Learn English – How and when did ‘being fired’ come to mean losing one’s job


I searched this site and also searched etymology online and could find nothing about this question.

The Ngram AmE shows that the phrase 'fired from job' began in the early 1920s for AmE and the Ngram BrE indicates that BrE only begins to have results from the late 1960s.

In BrE, the phrase 'being sacked' (Ngram BrE) is more popular and is more understandable as one would carry a sack home with any personal possessions, much as today people are seen with the ubiquitous cardboard box.

Where does the expression come from and why did it suddenly appear in the 1920s in the USA ?

Note: The Ngrams probably do not mean a lot, as there must be overlap with other meanings of 'being sacked' and merely querying 'being fired' would be useless.

Edit After Comment : The Ngram for 'given the sack' in BrE. Some correlation with 'being fired' in AmE.

Further Edit : The OED does not (that I can find) refer to losing a job but there is a considerable entry for 'fire' with regard to the discharge of a weapon so I am beginning to see that 'fire' from a job means to 'discharge' someone and the analogy is to weaponry.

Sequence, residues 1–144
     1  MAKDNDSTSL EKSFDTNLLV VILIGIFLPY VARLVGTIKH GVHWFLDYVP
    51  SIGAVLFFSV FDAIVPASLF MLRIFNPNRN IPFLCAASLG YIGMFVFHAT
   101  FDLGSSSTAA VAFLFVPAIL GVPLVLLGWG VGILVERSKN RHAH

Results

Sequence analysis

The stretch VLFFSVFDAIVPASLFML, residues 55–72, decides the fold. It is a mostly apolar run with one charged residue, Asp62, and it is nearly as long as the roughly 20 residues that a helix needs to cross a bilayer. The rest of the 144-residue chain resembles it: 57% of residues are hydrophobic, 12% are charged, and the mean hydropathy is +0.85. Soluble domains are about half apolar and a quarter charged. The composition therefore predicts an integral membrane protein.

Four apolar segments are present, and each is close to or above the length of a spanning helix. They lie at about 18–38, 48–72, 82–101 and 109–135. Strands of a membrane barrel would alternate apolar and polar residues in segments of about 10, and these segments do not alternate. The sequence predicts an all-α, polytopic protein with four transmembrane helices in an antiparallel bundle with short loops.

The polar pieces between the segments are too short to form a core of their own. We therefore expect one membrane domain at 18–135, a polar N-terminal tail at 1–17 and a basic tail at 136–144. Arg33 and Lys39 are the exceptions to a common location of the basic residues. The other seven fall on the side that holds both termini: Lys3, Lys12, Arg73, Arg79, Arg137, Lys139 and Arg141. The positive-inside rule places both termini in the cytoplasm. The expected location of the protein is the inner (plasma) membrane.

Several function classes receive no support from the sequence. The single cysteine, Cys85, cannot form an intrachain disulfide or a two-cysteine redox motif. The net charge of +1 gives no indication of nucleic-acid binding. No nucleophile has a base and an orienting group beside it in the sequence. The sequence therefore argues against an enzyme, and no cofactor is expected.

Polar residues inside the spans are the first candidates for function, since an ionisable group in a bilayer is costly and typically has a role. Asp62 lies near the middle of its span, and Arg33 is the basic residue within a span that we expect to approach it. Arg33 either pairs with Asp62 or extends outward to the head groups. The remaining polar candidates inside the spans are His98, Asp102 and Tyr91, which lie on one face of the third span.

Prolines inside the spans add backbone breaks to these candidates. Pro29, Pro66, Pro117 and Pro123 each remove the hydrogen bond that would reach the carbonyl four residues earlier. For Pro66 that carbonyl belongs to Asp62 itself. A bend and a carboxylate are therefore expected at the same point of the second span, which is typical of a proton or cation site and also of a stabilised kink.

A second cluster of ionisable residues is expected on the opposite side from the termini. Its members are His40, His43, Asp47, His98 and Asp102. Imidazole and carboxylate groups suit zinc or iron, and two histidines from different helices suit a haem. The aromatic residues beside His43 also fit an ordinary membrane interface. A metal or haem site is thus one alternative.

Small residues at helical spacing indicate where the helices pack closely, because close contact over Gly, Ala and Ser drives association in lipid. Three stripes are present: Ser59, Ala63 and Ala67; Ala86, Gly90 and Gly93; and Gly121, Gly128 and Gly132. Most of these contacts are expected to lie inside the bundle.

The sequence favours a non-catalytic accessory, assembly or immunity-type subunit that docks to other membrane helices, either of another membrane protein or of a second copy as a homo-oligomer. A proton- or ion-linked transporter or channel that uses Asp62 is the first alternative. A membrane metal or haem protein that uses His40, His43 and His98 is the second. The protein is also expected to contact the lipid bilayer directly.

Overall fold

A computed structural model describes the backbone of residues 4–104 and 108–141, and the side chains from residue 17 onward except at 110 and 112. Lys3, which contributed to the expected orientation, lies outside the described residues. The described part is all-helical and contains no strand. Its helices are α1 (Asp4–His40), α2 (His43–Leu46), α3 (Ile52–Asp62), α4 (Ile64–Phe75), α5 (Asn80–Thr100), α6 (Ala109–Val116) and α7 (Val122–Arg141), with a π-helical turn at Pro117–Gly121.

Best Answer

to fire in the sense of being fired: Etymonline.com

The sense of "sack, dismiss from employment" is recorded by 1885 (with out; 1887 alone) in American English. This probably is a play on the two meanings of discharge (v.): "to dismiss from a position," and "to fire a gun," influenced by the earlier general sense "throw (someone) out" of some place (1871).

and from the OED

  • fire 1879
  • transitive orig. U.S. slang. To dismiss (a person) from a job or position; to sack.